Jayr from Queens

Is there any wool that has insulating properties as dense and as warm as Leonard's beard seems to have?

Dec. 17 2010 01:29 PM
Christine from Darine

Why does alpaca yarn shed so much? I knitted a beautiful shawl and can't wear it because it sheds so terribly.

Dec. 17 2010 01:28 PM
Sam the Sham and the Pharaohs

How does wool "wick away" moisture? Is it because the fibers remain somewhat separate or does it have something to do with static electricity?

Also, does wool have more wind-stopping capacity and is it actually warmer than other fibers?

Dec. 17 2010 01:27 PM
anonyme

I do understand that the production f merino wool involves cruelty and so avoid buying it - but not all wool involves cruelty.

Also, in Italy there has traditionally been a wonderful fabric recycling industry - incl wool - they don't especially value virgin wool and as everybody knows - Italy makes gorgeous clothes at all price levels. (Or has traditionally - maybe things are changing there with the rise of India and China)

Also, used wool felts in a hot water washing machine cycle - and it's very warm. Sheep contribute poop to soil - important - (environment, sustainability) and milk for cheese and yogurt - they eat grass - it's always important to distinguish between industrial processes and artisinal. And don't call "artisinal" "elitist!" They are CHOICES.

What I wonder about is all the cashmere around - it used to be rare.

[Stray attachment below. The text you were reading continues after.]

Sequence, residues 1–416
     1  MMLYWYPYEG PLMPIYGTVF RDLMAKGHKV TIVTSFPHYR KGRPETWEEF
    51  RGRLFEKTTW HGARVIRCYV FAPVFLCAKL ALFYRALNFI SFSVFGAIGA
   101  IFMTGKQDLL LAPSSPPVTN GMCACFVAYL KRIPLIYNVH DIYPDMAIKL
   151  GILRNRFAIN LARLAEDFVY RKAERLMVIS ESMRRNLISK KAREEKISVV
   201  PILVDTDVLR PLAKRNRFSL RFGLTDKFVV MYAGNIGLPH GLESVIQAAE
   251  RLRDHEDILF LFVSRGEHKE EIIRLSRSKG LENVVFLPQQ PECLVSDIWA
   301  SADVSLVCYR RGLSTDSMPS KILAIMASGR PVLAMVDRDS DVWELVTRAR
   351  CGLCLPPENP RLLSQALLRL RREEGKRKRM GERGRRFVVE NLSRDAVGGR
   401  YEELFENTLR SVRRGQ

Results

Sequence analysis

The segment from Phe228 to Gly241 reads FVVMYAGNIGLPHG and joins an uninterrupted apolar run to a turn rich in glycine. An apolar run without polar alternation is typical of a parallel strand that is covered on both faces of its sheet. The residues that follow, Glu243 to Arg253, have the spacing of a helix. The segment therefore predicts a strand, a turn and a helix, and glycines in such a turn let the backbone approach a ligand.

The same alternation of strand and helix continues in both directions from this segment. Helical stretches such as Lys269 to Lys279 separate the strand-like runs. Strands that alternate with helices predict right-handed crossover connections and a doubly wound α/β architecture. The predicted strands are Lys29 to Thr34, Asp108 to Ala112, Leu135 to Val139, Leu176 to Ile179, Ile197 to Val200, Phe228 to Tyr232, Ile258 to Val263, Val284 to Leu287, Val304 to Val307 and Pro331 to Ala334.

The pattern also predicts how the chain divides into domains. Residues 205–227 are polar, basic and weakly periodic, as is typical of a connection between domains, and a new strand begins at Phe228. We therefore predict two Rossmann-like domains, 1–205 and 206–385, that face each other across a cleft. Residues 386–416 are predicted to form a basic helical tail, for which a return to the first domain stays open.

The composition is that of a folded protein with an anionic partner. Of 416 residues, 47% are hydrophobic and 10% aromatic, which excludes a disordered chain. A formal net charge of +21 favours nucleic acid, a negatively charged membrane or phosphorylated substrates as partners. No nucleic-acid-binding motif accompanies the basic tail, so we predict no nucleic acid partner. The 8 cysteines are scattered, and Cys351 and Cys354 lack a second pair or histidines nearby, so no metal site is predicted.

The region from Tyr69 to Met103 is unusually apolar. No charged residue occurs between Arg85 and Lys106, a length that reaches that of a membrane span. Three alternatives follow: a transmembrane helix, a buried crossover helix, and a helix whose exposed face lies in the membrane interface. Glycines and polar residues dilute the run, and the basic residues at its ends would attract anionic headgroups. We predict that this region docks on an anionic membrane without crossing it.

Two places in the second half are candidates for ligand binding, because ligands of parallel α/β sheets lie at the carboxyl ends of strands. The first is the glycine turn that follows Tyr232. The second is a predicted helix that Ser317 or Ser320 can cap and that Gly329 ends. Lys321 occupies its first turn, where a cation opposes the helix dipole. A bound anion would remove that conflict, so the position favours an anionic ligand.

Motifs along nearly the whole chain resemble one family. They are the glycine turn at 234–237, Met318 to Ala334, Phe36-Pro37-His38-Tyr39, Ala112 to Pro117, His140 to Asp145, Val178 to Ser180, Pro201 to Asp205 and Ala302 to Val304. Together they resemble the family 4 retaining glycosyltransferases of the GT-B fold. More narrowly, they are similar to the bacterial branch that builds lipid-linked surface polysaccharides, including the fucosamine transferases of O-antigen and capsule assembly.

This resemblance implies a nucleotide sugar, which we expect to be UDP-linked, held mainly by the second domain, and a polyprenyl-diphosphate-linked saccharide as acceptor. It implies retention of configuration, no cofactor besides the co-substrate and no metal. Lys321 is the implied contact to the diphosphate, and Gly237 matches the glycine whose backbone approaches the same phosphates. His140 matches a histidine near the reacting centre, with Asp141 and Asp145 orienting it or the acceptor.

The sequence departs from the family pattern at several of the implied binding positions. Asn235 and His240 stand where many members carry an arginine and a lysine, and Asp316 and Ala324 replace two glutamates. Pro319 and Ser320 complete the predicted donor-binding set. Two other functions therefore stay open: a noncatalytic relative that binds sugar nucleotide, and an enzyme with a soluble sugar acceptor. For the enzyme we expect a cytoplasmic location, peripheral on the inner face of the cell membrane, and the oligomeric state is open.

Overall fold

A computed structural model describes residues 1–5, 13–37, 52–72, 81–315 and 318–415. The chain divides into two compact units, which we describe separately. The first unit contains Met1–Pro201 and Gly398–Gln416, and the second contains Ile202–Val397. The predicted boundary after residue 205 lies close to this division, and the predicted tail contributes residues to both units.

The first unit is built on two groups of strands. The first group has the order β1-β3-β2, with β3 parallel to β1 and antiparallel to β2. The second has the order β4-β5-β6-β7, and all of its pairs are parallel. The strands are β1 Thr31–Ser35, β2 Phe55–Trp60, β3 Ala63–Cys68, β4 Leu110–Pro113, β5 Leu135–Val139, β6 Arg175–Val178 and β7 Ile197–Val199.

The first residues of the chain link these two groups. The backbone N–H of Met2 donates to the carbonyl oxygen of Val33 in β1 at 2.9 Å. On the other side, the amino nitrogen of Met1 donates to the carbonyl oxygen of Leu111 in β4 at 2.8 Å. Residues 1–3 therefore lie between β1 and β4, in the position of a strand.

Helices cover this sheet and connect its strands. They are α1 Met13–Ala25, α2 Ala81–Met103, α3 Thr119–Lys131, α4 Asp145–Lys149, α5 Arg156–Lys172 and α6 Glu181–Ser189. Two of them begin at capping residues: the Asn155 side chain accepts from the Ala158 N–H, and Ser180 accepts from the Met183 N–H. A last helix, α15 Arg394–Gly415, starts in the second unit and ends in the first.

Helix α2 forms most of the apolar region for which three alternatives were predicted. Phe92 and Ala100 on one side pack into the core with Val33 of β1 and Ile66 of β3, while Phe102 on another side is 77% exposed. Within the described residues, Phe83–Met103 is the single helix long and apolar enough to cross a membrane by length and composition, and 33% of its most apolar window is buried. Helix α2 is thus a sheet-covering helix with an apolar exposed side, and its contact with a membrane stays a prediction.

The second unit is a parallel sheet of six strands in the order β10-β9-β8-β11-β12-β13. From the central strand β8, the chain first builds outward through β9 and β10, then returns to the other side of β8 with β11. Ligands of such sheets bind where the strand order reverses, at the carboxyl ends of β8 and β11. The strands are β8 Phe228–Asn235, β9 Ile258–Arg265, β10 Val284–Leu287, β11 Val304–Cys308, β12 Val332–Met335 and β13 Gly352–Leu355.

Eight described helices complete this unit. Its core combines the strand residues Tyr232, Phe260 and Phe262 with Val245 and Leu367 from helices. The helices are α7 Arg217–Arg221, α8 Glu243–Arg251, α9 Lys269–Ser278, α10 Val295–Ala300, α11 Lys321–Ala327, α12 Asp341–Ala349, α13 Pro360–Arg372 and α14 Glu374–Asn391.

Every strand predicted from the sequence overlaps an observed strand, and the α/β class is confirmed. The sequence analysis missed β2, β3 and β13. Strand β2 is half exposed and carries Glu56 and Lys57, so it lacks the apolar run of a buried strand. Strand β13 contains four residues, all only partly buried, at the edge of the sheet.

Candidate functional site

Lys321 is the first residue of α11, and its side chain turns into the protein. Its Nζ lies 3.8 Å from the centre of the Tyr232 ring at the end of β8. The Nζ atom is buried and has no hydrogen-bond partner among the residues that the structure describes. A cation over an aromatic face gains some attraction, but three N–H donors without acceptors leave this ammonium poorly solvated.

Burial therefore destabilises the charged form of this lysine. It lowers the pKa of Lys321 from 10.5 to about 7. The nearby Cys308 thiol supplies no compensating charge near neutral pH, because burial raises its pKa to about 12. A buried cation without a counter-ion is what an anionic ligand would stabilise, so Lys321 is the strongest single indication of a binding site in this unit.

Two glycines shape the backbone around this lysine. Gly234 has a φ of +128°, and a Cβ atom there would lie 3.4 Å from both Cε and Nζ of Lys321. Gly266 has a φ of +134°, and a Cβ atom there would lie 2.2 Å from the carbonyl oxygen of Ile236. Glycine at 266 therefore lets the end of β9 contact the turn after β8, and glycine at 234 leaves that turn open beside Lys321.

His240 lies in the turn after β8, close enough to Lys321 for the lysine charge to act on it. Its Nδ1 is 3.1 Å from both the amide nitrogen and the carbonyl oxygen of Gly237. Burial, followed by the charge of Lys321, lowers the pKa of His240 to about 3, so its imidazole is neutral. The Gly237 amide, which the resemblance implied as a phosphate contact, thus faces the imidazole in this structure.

Dec. 17 2010 11:38 AM
Leo in NYC

Sorry for the serial posts — I just figured I'd save everyone the trouble and summarize:

Wool uses less total energy to produce than cotton or polyester, but has a larger carbon footprint and uses vastly more water and other natural resources. It also requires pesticides and antibiotics to be applied on an industrial scale.

And if you care, there are huge animal cruelty issues — farmers intentionally cut the outer layer of skin off of the animal and castrate them without anesthetic as part of the production process. Many New Zealand sheep die every year from heat exhaustion, and an estimated million a year die from exposure in the US.

Dec. 17 2010 11:23 AM
Mike from Tribeca

Hard to believe now, but something so simple-sounding as the wool trade was a major factor in the development of the once all-powerful British Empire.

Dec. 17 2010 11:06 AM
Leo in NYC

Oops — that link might not work. Try this:

http://www.leoferguson.com/the-other-blog/

Dec. 17 2010 11:04 AM
Leo in NYC

By a funny coincidence, I just did a whole bunch of research on the sustainability of wool vs other materials! A friend asked whether synthetics were more sustainable and I realized I didn't know. A half a day with google later.... voila!

It's too much info to post here, but here's a link to the research:

http://www.facebook.com/note.php?note_id=176398255718570

Dec. 17 2010 10:57 AM
George from Bay Ridge

How sustainable is wool?

When did humans start wearing wool?

Dec. 17 2010 09:29 AM